(Cyberwar.news) More than 250 times over the past year the U.S. military was unable to receive downlink information from its own satellites but, according to Air Force brass, it most were likely due to a case of self-jamming.
Most. And only likely. Air Force brass don’t really know for sure, according to Breaking Defense.
What they do know, however, is that represents an electronic vulnerability that could be exploited by an enemy in a time of global crisis.
As reported by NationalSecurity.news, China has been working steadily to develop an anti-satellite (ASAT) capability, but using a direct-ascent weapon (missile) to physically destroy satellites in orbit. Russia has also been developing an ASAT capability and recently completed its first successful test. But even though they are both also investing heavily in cyber- and electronic warfare, thus far they are not electronically shutting down U.S. satellite links – yet.
“In 2015 thus far, we have had 261 cases where we have been jammed from getting information from our satellites down to the ground segment,” Air Force Gen. John Hyten, head of Air Force Space Command, said recently at the Association of Old Crows electronic warfare conference.
In all, that’s about 23 times per month, noted Breaking Defense noted.
“How many were caused by an adversary?” Hyten said. “I don’t really know. My guess is zero.” He added that the real cause is “almost always self-jamming” where the United States’ own transmissions, radar or radio, unwittingly interfere with satellite signals Hyten told reporters following his conference remarks.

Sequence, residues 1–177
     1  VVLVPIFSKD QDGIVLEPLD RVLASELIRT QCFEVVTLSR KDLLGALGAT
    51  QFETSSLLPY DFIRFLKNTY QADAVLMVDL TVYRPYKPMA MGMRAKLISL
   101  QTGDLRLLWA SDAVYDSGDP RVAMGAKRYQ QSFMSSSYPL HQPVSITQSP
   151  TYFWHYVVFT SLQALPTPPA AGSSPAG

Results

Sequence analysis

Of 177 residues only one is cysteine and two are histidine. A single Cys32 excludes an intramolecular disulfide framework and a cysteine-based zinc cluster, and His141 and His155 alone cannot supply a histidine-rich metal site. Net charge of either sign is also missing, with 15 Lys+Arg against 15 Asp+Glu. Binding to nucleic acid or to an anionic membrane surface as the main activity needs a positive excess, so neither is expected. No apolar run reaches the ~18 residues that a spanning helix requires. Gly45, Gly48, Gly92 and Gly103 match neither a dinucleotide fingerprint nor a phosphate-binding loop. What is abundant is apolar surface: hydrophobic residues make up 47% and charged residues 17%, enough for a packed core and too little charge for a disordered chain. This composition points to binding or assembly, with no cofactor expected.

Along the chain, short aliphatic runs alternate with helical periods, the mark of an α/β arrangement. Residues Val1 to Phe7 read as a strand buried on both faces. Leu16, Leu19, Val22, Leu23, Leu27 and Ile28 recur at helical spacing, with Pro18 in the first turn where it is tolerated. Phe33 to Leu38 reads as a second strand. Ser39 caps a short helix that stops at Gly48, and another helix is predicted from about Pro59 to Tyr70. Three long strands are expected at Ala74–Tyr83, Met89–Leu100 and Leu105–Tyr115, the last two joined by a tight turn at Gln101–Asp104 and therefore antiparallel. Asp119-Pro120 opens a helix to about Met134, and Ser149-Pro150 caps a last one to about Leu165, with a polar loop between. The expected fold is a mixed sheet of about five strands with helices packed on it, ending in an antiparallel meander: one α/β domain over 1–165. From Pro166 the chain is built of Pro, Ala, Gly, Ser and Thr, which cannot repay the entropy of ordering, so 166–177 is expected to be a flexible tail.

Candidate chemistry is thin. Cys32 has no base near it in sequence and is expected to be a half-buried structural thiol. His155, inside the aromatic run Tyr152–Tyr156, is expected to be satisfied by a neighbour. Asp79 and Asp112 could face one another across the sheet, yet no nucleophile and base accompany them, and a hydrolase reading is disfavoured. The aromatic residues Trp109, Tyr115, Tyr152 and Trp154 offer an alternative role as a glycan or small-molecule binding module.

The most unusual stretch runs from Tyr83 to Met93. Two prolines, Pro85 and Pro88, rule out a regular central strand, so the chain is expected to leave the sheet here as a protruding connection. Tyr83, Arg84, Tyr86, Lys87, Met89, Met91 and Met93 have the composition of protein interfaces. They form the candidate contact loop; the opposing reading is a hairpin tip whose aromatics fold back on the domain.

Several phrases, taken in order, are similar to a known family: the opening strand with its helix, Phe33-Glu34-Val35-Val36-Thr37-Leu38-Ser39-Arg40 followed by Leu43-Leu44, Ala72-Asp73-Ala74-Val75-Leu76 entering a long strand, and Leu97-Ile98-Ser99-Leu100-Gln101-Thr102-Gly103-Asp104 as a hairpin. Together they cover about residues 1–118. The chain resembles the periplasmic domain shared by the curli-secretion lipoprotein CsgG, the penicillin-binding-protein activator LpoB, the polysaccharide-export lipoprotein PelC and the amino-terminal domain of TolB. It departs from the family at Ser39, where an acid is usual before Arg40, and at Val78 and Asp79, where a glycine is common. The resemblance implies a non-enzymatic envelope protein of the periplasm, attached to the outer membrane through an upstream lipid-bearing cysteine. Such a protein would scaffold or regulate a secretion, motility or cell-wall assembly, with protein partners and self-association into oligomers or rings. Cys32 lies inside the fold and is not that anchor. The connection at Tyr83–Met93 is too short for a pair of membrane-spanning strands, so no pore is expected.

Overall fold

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“The moral of that story is the electromagnetic spectrum is unbelievably complicated and the smallest mistake can create huge strategic impacts,” Hyten noted, “so you have to be able to monitor the electromagnetic spectrum, from the most tactical unit all the way up to the most strategic [level].”
If we’re self-jamming, Hyten continued, that means we don’t have enough awareness of what U.S. forces are doing in the spectrum, let along that of an adversary.
“We have not had a focus on it,” Hyten admitted, though the Pentagon is currently working on ways to build awareness.
“We’ve just been assuming that the RF [radio frequency] spectrum is a benign environment and nobody’s going to threaten us,” Hyten told conference, Breaking Defense reported.
However, as the Defense Department has relied more heavily on use of satellites and encrypted communications networks, “the rest of the world’s been watching that too,” Hyten said, “China and Russia in particular.”
The Space Command chief noted that while Russia and China are working on missile systems that can physically destroy satellites, “you don’t have to shoot a satellite down to defeat it, all you have to do is cut off the link.”
“We have to be able to effectively operate in this contested, congested environment,” Hyten said. “We’ve got to be able to fight in it and defeat any adversary that’s in there….but if we don’t train our airmen fundamentally differently to operate in this environment, we can’t do that.”
According to a recent assessment by the Sans Technology Institute, most likely any “hack” of a satellite would involve a DOS, or “denial of service,” attack, which would essentially render the satellite useless because it would not be able to transmit and receive data.
They can also be hacked in an attempt to steal data. In September the Washington Post reported that a hacking group with Russian origins was able to access older commercial satellites containing sensitive military and diplomatic data, and then mask their location.